The Making of a Quagmire

Steve Lyons’ play The Ghosts of Tonkin, about Wayne Morse and Vietnam, hits Eugene for one-night engagement

Greg Monahan as Sen. Wayne Morse and Gray Eubank as President Lyndon Johnson in The Ghosts of Tonkin
Greg Monahan as Sen. Wayne Morse and Gray Eubank as President Lyndon Johnson in The Ghosts of Tonkin

The Ghosts of Tonkin, a dramatic work about the Vietnam War by Bellingham, Washington-based playwright Steve Lyons, will show Sunday, Sept. 28, at Wildish Theatre. Lyon’s play is a behind-closed-doors investigation of the political maneuvering that led to the conflict, focusing on such historical figures as Robert McNamara, Barry Goldwater, Lyndon Johnson and Oregon Senator Wayne Morse, one of only two U.S. senators to vote against the war.

I’ll start by playing devil’s advocate. Why do we need another dramatic work about Vietnam?

In 1964, we attacked a country based on false intelligence. We attacked a country that posed absolutely no threat to the United States. And in the build up to the war, the media simply parroted whatever lies our government told it without questioning those lies. As I was researching the origins of the Vietnam War, it all sounded vaguely familiar.

So, is there something about that era of our history that still speaks to us? Yes, it is speaking to us. We just are not listening.

What do you find interesting or inspiring about Sen. Morse?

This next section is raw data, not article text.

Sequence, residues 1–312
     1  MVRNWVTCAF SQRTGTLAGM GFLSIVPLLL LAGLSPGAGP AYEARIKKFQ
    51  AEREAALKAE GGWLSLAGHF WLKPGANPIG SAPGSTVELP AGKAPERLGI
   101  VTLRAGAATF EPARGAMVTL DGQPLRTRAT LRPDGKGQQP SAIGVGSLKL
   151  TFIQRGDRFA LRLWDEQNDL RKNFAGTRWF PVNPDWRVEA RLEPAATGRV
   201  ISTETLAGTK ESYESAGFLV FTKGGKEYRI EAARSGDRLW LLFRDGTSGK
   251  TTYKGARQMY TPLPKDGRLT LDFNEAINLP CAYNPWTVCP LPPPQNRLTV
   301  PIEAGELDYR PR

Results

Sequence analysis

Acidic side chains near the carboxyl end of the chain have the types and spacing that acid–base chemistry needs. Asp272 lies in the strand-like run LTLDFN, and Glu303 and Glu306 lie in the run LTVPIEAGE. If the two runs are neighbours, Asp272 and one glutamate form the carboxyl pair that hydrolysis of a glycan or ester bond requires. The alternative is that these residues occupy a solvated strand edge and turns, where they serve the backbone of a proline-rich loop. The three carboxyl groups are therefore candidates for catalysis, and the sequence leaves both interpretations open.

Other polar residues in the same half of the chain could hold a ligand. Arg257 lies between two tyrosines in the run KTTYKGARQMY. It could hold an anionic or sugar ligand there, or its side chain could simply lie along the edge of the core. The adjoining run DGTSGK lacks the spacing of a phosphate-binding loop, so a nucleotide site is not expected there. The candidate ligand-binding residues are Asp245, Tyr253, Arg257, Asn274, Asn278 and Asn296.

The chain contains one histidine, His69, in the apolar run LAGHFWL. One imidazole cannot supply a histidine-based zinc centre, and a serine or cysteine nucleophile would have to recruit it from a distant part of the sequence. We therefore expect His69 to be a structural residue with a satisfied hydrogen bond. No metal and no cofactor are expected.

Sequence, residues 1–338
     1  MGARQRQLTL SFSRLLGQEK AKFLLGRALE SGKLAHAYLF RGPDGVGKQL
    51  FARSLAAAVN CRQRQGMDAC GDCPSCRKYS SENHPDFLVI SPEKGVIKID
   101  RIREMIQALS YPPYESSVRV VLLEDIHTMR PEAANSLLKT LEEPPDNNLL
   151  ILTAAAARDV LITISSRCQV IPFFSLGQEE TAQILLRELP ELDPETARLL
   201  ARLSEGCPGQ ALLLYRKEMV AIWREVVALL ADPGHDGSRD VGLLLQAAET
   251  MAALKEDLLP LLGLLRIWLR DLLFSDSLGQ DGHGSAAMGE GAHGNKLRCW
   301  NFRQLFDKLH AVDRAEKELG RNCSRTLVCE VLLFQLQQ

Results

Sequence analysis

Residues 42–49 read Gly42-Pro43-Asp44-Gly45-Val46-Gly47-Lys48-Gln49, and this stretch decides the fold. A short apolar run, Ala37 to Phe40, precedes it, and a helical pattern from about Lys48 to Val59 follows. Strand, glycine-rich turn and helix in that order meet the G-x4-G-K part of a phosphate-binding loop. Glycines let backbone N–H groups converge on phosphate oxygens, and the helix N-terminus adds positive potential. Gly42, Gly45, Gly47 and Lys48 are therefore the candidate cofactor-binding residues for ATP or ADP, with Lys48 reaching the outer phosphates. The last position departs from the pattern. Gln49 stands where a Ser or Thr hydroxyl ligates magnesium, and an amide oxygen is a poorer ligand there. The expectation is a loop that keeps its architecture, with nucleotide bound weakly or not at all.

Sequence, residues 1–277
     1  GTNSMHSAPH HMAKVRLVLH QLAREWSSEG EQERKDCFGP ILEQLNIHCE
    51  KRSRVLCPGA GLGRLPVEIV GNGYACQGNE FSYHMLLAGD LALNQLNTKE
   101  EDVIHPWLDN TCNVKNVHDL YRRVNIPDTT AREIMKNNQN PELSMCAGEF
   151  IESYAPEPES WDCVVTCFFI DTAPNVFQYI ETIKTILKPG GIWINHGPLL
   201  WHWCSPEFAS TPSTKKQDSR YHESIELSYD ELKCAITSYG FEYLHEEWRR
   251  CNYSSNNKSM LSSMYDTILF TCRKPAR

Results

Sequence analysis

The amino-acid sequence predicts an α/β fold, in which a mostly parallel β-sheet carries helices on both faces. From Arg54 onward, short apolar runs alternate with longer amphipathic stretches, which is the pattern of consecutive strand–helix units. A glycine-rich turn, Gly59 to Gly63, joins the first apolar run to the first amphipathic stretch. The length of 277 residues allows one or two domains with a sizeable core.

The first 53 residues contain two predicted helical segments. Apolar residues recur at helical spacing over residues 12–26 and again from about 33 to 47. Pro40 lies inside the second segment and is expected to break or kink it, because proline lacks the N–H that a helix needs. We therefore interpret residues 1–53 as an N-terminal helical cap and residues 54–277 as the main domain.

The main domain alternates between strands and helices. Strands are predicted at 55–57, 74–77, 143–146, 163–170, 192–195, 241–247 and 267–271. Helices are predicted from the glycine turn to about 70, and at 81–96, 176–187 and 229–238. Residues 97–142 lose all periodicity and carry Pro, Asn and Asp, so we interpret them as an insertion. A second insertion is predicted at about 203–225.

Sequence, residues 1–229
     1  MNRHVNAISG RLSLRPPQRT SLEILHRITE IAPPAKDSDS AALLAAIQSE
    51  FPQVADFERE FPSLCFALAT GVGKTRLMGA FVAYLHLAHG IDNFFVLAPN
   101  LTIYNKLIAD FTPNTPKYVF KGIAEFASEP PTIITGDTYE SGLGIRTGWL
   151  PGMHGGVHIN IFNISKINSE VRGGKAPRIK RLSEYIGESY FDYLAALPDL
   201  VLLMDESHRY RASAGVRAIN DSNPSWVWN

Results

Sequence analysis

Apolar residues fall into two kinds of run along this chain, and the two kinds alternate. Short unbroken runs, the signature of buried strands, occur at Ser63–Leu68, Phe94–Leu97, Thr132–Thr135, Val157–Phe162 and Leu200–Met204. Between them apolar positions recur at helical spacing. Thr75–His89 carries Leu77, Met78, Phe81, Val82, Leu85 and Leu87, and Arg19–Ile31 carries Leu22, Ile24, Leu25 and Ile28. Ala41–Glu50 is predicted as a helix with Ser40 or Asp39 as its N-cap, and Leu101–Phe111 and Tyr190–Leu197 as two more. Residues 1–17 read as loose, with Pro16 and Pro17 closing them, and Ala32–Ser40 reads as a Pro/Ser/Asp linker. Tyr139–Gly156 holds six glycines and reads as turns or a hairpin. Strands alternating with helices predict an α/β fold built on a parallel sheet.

Goliath is not a story. You need David to make it a story. I found my David in the form of Senator Wayne Morse of Oregon. Because Morse single-handedly battled to stop the Vietnam War before it began, you now have a stage-worthy, epic story. Morse is such a Cassandra figure. Like Cassandra, he had the ability to predict the future. In voting against military intervention in Vietnam, he said, “Future generations will look with dismay upon a Congress about to make such a historic mistake.” Pretty accurate prediction. But like Cassandra, he also carried the curse that no one would believe him.

Morse was extremely principled. He was not afraid of the consequences of his position on controversial subjects. He is the focus of this story because he was outspoken on Vietnam long before the Vietnam War began, and because he served on the Senate Foreign Relations committee that held a hearing on the Gulf of Tonkin resolution before it was sent to Congress to be voted on. That hearing was the O.K. Corral of Vietnam, and is at the center of this play.

What was the genesis for The Ghosts of Tonkin?

I wrote the first draft of this script in 2002. I would have never written it if we had not invaded Iraq.

When the Iraq War began, people drew an analogy between the genesis of that war, and the beginnings of the Vietnam War. News media in the U.S. eventually asserted that the “weapons of mass destruction” of the Iraq War were the moral equivalent of the “Gulf of Tonkin” of the Vietnam War. I had no idea what they were talking about. But it made me curious to learn more about the origins of the Vietnam War. That curiosity eventually led to this script.

This is a “real events” play. History defined the storyline. I can’t just make stuff up. And the audience already knows how things end! So, the journey of the play must be engaging, because the audience knows where it is ultimately headed.

The Ghosts of Tonkin plays 7:30 pm Sunday, Sept. 28, at Wildish Theatre, 630 Main St., Spfd.; $17 door.